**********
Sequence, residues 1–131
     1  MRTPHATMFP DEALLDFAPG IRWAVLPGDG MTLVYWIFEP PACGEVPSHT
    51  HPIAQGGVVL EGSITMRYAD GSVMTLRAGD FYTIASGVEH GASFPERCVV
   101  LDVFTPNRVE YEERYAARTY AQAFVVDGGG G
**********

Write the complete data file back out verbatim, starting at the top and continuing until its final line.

Sequence, residues 1–131
     1  MRTPHATMFP DEALLDFAPG IRWAVLPGDG MTLVYWIFEP PACGEVPSHT
    51  HPIAQGGVVL EGSITMRYAD GSVMTLRAGD FYTIASGVEH GASFPERCVV
   101  LDVFTPNRVE YEERYAARTY AQAFVVDGGG G